ringo maya2 r1 Heirloom Technology — All Purpose Swahili Bed

Small islands dot the coast of Kenya near the Somali border. Once there were powerful city-states on these islands. They traded as far as China. They were centers of Islamic learning, and scholars came from far and wide to study here. Now they’re mostly villages surrounded by fortified ruins, located far up winding channels through mangrove swamps.

In most houses, you find only one type of furniture: the Swahili bed. It’s used as a couch, bed, table, and everything else. It’s comfortable and perfect for the hot, humid climate. And it’s quite similar to the Shaker bed once used in the United States.

Step 1. Make the frame.

It takes at least two people to weave a bed, both to get it tight enough and to socialize. The frame is very simple, with horizontal beams mortised into the vertical posts. The tension of the straps holds the frame together. The frames shown here are made from the local mangrove wood, which is very hard and rot-resistant. Mangrove wood exports used to be a major source of wealth for these Swahili city-states.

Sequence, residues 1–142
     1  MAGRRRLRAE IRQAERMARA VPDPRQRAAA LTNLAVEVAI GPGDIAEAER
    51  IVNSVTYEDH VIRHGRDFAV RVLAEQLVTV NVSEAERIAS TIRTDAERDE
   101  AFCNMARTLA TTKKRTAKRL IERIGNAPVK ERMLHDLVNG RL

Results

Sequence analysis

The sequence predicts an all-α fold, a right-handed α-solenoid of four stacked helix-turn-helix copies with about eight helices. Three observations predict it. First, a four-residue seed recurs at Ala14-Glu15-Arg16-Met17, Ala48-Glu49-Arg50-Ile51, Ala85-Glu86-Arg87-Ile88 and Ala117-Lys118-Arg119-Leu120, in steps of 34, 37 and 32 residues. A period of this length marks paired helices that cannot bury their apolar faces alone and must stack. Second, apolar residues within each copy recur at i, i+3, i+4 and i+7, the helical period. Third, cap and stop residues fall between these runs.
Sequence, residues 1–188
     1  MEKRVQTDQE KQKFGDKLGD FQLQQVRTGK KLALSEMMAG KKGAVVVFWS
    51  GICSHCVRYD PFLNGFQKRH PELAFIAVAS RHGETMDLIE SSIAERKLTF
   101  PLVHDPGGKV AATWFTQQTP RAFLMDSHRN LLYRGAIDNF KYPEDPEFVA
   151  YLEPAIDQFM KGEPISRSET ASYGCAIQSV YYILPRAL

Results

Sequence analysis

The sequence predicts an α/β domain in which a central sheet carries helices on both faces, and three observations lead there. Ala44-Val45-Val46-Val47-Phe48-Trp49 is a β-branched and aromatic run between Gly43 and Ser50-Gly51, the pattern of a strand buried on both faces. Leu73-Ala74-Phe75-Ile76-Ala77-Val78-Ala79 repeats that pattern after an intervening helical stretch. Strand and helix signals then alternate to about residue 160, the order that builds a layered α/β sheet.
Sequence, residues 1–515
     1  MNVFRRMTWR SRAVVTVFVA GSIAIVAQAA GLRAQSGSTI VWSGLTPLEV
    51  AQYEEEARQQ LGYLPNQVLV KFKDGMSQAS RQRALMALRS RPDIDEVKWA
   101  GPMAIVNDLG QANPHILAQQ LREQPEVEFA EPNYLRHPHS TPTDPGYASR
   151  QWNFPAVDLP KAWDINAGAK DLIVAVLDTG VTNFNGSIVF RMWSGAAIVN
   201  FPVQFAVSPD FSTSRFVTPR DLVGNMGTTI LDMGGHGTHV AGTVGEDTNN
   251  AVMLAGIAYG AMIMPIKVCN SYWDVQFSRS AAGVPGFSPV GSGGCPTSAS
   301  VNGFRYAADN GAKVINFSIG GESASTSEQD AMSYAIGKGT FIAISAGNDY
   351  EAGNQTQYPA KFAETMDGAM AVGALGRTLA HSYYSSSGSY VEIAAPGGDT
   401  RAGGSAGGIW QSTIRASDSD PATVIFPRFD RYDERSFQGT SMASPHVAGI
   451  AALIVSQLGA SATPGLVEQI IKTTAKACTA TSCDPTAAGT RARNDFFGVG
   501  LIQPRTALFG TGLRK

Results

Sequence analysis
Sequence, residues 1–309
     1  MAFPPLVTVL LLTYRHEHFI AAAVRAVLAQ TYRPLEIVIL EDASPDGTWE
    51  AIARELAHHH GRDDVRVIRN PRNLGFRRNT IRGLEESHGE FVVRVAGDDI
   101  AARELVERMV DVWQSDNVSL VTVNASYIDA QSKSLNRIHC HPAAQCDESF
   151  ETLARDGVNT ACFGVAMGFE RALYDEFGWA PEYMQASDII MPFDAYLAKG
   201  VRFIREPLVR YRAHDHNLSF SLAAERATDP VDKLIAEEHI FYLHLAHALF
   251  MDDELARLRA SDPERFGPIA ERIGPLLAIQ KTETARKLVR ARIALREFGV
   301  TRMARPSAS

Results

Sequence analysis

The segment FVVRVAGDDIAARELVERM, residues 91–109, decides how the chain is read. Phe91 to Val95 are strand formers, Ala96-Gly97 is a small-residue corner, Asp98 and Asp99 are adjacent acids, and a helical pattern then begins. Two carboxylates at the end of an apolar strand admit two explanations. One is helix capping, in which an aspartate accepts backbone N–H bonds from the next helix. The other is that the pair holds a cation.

Step 2. Weave the bed.

The palmetto straps used are a plain flat braid, just like braiding hair but with more strands. I’ve seen 5-, 7-, and 8-strand braids used. Villagers weave these to sell in the markets.

It takes about 400 feet of strap to weave a bed. The end is tied to a leg to start. Then it’s wrapped from one end of the bed to the other, head to foot, about 15 times. Next the cross-weaving starts, threading the web over and under through the long rows.

Step 3. Tighten the bed.

When the weaving is done, the straps are left long to make it easier to tighten the bed. After the web stops stretching, the ends are tied off and cut short.

Step 4. Prevent bedbugs.

I often saw beds left underwater in the mangrove channels, held down by rocks. My local friends told me that salt water kills bedbugs. I wish I’d known that years ago. A friend of mine in the U.S. had a bedbug problem and tried every product on the market without success. Eventually he had to throw out the bed and half his possessions.

Tim Anderson

Tim Anderson is the founder of Z Corp. See a hundred more of his projects at instructables.com.


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